Author: Alison Johnson
As Father's Day approaches, lots of us are thinking of good gifts or fun outings to celebrate the dads in our lives. Maybe it's a homemade card, breakfast in bed or a family hike or fishing trip, or perhaps some tools for the garage, sports equipment or a day in full command of the TV remote control.
But the biggest thing mothers can do to make a father feel valued is to simply notice his involvement in his children's lives, says Dr. Will Courtenay, Ph.D., a psychotherapist and an internationally recognized expert in helping men and fathers.
According to Courtenay, author of the 2011 book Dying to Be Men, 89 percent of fathers say their wife, partner, or child’s mother is the greatest source of help that they draw upon to be a better father.
"A mother’s encouragement is one of the biggest factors contributing to a father being involved with his kids," he says. "Mothers can play a big part in helping Dad realize how important he is to the family."
That doesn't just mean bringing home the bacon. “Everything we know about the positive impact fathers have on their kids has little to do with income," Courtenay says. "It’s about how engaged and emotionally involved dads are. It's the simple things like a conversation on a walk, reading a book or throwing a ball that really make difference for their children."
Fathers have a unique impact on their kids, in part because they tend to interact differently with children than mothers do, parenting experts say. For example, they tend to engage in physically active play more often.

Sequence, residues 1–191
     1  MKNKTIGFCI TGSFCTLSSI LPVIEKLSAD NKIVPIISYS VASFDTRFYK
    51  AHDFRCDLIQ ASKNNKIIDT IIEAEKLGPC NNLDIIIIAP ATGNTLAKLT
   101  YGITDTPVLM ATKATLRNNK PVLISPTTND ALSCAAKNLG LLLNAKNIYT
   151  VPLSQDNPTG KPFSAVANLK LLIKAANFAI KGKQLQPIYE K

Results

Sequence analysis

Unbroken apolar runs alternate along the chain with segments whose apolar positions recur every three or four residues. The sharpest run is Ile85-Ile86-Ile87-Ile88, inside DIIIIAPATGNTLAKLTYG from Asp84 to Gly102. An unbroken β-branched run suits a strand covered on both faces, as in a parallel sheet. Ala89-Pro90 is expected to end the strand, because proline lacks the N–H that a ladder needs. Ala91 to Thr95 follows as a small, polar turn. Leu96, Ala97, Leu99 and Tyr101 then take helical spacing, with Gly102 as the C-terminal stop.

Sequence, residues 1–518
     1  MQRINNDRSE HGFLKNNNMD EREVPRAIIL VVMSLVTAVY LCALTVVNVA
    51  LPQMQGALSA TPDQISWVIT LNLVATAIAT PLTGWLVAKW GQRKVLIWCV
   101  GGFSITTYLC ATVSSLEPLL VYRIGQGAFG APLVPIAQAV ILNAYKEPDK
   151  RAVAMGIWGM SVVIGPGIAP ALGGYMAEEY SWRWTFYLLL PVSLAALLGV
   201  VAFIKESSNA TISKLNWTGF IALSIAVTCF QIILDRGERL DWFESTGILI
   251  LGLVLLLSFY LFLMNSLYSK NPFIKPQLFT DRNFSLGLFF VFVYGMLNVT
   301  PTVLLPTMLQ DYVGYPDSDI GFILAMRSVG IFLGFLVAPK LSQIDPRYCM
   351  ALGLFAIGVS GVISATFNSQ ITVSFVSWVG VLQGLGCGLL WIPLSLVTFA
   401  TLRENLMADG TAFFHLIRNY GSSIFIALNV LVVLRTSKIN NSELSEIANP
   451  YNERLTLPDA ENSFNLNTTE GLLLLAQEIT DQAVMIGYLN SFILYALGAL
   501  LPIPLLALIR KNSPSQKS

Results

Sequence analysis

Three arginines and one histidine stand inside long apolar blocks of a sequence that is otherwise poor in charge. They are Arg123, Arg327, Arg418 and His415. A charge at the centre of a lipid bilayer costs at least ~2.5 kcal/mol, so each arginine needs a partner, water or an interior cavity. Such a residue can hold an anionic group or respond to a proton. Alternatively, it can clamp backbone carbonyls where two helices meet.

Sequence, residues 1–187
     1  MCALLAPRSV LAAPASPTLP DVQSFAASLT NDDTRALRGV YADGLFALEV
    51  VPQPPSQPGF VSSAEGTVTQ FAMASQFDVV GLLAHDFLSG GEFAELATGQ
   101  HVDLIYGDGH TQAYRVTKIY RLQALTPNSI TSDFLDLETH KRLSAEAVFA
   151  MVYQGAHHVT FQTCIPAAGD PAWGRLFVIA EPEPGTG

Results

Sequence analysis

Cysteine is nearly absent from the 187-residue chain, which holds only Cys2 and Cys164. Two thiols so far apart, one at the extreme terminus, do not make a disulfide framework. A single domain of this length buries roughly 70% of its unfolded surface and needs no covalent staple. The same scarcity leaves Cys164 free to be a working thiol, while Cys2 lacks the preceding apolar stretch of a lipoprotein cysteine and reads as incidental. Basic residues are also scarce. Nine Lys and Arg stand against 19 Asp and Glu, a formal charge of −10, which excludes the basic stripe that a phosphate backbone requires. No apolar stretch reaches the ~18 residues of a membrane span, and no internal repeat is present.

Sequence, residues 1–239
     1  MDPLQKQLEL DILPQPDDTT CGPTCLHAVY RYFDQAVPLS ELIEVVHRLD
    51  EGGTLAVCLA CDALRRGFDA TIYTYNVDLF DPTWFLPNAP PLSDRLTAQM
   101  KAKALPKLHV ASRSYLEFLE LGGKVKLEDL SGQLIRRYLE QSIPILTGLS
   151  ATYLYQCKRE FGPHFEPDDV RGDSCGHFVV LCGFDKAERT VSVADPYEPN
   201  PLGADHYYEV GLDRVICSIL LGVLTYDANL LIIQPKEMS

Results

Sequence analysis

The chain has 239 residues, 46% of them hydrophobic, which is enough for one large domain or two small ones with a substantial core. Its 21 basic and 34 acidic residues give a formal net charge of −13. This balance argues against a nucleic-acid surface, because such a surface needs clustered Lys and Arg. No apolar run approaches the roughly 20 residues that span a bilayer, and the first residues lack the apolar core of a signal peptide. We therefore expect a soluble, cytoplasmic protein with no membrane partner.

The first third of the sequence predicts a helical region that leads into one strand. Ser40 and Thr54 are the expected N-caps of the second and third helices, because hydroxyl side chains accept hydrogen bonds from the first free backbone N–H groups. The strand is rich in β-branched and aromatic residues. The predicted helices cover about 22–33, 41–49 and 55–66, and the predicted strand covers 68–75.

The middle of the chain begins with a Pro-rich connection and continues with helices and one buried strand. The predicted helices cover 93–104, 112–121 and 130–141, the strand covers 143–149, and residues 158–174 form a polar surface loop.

The more dads are involved in daily activities such as eating meals together, going on outings or helping with homework, the less risk a child has for behavioral, academic and social problems, numerous studies have shown. Boys whose fathers offer praise and compliments also perform better on tests of cognitive achievement than boys whose fathers are cool and aloof. And sons learn many lessons on how to treat a wife or partner based on how their dads treat their moms -- while daughters can see how they should be treated, too.
So this Father's Day, tell a dad all the great things he does for his family. Be specific. Have his kids tell him, too, whether in a card or a conversation (or both!). And then try to remind him of how you feel throughout the year. Nobody should need praise to be a good parent, of course, but we all do better with encouragement and recognition.
Happy Father's Day!